...ccording to Perkins, although French and Russian realists and naturalists influenced James style, “in Contrast to the European naturalists whose tutelage he acknowledged, he rebelled against the materialistic interpretation of human destiny, and struggled with the problem of undeniable evil as desperately as Hawthorne, whom, among earlier Americans he most admired” (Perkins 1055). This shows that James was greatly influenced by Europeans, but he also has his added his own unique American style. One of James’ stories, “Daisy Miller," takes place in Switzerland. Throughout this story Europeans see America as being hostile and somewhat harsh. During the decade between 1870 and 1880 , the United States was once again beginning to rebuild the nation. This rebuilding or reconstruction not only affected attitudes, but it affected art and literature throughout the world.
“Each one of us must suffer long to himself before he can learn that he is but one in a great community of wretchedness…repeating itself from the foundation of the world.” Many literary works written in a time period known as the ‘Gilded Age’, focused on emotions and fantasies that captured the attention of many. Although these works of literature are considered ‘classics’, people couldn’t relate the meanings to their own lives or the world around them. “A classic is a work of art so universal in appeal...it has survived the ‘tests of time” (Lazarus). A true literary classic can be applied to the everyday lives of both people of the past and future. William Dean Howells, an American realist, used his writing to depict the issues that many common Americans dealt with during his time period. The Rise of Silas Lapham tells the story of Mr. Lapham; a man who by ambition and motivation was able to rise to success with his paint company business; only to have this business crumbles before him practically overnight. Implementing realism through a series of ironic dramatizations, Howells was successfully able to depict the struggle of the American ‘self-made man’ reaching overall morality, thus making his novel a true classic.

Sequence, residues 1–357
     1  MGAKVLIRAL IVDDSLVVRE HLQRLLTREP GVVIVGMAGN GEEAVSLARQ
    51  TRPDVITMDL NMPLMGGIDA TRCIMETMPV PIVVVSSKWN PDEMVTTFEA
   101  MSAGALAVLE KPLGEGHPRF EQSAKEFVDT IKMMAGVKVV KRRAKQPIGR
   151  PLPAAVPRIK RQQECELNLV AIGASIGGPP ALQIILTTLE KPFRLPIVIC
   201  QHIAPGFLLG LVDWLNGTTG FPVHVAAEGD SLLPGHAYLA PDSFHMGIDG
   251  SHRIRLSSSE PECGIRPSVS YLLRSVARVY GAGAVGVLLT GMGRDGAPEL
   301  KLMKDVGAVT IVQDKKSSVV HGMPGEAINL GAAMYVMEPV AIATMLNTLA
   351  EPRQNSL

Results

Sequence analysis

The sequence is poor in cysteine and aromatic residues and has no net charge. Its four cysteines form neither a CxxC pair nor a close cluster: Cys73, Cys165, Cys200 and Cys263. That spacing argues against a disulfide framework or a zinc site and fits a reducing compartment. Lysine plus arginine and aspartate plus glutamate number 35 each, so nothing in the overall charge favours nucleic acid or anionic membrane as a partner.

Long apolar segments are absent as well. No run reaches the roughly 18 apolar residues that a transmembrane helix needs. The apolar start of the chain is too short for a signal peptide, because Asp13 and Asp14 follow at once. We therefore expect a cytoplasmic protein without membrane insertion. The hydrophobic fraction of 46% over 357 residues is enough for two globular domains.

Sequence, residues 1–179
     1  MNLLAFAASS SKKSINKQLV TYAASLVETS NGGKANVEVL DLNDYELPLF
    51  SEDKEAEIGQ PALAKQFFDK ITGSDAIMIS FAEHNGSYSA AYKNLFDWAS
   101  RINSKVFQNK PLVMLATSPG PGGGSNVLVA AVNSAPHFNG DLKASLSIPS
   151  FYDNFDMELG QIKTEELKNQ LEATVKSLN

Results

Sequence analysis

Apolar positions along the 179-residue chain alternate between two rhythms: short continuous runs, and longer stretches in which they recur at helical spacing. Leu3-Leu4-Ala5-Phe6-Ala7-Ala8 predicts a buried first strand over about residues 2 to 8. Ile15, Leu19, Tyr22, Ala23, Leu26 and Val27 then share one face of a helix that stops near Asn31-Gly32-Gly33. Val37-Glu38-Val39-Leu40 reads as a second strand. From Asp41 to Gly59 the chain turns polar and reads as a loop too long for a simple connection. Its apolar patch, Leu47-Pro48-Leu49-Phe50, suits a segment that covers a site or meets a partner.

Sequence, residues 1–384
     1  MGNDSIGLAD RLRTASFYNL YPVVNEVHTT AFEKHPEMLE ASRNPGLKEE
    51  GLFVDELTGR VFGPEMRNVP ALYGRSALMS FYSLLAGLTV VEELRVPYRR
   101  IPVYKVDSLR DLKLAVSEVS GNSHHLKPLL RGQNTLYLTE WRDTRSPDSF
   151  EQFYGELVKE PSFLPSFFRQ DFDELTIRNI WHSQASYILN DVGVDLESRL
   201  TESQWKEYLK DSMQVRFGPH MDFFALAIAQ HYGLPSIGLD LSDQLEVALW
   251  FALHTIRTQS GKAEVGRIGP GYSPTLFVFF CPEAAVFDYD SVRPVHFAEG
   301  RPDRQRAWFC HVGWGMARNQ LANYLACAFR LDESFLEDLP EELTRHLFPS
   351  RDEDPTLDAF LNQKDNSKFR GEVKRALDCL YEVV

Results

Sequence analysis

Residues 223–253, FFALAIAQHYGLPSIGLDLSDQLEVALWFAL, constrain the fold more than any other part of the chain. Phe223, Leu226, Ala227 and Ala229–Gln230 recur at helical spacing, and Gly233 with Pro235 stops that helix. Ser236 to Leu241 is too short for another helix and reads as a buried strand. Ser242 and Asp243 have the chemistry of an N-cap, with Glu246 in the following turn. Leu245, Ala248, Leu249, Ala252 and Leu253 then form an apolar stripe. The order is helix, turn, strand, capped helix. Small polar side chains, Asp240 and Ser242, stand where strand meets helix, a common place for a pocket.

Two years ago, I used to work at a photo shop in downtown Philadelphia. Except for me, the only foreigner, there were five Americans working there. Once, we talked about the American life in the beginning of the twentieth century. To support my opinion, I used an example from a short story called “The Gift of the Magi” by a famous American writer O. Henry. It was a very shocking experience for me to find out that nobody knew who O. Henry was or what he had done for the world literature.
Henry James confronted the Old World-New World huddle by writing directly about it. Although born in New York City, he spent most of his adult years in England. Many of his novels center on Americans who live in or travel to Europe. With its intricate, highly qualified sentences and dissection of emotional and psychological nuance, James's fiction can be daunting. Among his more accessible works are the novellas Daisy Miller, about an enchanting American girl in Europe, and The Turn of the Screw, an enigmatic ghost story.